253. unprompted apologies

254. Jan : )

255. Academy for Character Education

256. odd jobs

257. two red-winged blackbirds out the window

258. sunshine and fresh air in the morning

259. 5 flat acres, a creek, good neighbors, and no oak trees  : )

260. crazy kids in the creek

261. 6 minuscule fish that become 22 whoppers in Ethan’s retelling of it

Proof

Last week I told you all here how I was freaking out in the camp trailer.  Now that I am ‘stable’ again, I can laugh at it all.

Isn’t that sad?  That the perspective I need comes only in hindsight?  Such is the way of the forgetful.

But as I was clicking through pictures last night I found this proof of my freaky-ness and had to laugh at myself.  And then scold my daughter for capitalizing on my insanity with her camera.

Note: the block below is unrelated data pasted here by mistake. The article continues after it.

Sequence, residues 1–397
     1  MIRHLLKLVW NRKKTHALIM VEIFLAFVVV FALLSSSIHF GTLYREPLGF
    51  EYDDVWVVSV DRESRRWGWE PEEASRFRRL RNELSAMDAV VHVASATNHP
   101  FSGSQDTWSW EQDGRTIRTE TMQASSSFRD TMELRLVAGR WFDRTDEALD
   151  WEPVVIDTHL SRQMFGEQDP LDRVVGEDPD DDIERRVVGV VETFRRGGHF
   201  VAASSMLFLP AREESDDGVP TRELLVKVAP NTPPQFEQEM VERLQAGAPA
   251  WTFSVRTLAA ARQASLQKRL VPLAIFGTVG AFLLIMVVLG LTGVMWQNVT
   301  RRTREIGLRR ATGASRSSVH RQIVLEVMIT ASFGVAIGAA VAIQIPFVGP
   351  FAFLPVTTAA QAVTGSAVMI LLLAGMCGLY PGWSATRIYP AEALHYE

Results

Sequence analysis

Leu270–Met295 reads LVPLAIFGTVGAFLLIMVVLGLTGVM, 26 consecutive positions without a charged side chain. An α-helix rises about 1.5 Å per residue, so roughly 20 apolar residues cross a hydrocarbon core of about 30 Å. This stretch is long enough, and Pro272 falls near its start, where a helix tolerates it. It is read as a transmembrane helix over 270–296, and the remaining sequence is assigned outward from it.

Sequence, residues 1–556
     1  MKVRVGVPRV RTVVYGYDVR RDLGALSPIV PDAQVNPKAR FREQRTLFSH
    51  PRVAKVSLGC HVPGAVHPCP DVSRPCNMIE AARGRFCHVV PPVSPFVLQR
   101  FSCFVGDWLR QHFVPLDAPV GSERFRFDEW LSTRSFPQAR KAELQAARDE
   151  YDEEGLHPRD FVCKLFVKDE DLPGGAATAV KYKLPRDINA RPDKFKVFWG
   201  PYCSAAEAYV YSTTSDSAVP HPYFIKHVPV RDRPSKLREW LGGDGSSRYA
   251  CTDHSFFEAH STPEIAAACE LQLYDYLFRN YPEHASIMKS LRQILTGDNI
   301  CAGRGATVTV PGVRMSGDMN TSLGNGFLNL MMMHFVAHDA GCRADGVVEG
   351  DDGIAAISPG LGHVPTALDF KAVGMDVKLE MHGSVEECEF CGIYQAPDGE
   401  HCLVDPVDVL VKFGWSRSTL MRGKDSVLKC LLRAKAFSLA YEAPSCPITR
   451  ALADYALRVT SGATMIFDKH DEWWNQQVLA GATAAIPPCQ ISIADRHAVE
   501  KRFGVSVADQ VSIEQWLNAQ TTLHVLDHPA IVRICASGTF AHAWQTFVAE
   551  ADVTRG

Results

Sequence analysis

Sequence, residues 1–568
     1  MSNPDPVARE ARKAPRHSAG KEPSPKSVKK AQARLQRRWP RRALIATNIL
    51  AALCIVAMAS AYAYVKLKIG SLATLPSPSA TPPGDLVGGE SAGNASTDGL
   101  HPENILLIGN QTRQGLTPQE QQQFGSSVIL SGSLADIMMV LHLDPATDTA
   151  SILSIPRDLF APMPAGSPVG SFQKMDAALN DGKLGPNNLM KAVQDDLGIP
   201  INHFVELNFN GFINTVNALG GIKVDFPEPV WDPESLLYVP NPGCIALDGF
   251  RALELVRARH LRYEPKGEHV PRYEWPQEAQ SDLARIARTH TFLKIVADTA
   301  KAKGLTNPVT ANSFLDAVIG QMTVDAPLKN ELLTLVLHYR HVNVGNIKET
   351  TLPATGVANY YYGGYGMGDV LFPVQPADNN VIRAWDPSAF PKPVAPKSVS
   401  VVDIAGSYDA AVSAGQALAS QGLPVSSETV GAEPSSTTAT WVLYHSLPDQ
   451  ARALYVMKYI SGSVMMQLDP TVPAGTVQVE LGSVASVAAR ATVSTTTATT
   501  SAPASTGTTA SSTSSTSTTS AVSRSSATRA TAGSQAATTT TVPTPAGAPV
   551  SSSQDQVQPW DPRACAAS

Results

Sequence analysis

Here is the posed picture:

See how sweet and serene I look, all happy and excited about packing up my household?  Don’t I look so organized and together, neatly placing household items in the box?

And then the real me let loose:

Crazy lady, swallowing her tongue.

If you can’t laugh at yourself today, then at least you might laugh at me.  It’s ok.

A merry heart does good, like medicine, But a broken spirit dries the bones. – {Pro 17:22 NKJV}

 

The Things I Miss

{This post was written a few weeks ago but left unpublished.  I didn’t figure anyone needed or wanted to read my selfish complaints and poor-me-isms.  It’s kinda gross, the stuff that comes out when your little world gets shaken, and I didn’t really want to share all that ugly.